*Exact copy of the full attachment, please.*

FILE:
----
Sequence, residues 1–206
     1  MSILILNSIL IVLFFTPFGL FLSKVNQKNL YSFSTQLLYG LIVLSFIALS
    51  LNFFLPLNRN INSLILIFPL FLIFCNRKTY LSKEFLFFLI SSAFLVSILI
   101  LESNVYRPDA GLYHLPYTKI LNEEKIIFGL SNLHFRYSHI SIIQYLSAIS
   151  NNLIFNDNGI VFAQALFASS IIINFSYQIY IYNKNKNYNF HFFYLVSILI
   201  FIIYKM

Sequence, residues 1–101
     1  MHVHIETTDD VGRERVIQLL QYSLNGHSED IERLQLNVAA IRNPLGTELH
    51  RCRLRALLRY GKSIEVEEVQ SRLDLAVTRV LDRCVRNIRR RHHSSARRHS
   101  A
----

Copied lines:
Sequence, residues 1–206
     1  MSILILNSIL IVLFFTPFGL FLSKVNQKNL YSFSTQLLYG LIVLSFIALS
    51  LNFFLPLNRN INSLILIFPL FLIFCNRKTY LSKEFLFFLI SSAFLVSILI
   101  LESNVYRPDA GLYHLPYTKI LNEEKIIFGL SNLHFRYSHI SIIQYLSAIS
   151  NNLIFNDNGI VFAQALFASS IIINFSYQIY IYNKNKNYNF HFFYLVSILI
   201  FIIYKM

Sequence, residues 1–101
     1  MHVHIETTDD VGRERVIQLL QYSLNGHSED IERLQLNVAA IRNPLGTELH
    51  RCRLRALLRY GKSIEVEEVQ SRLDLAVTRV LDRCVRNIRR RHHSSARRHS
   101  A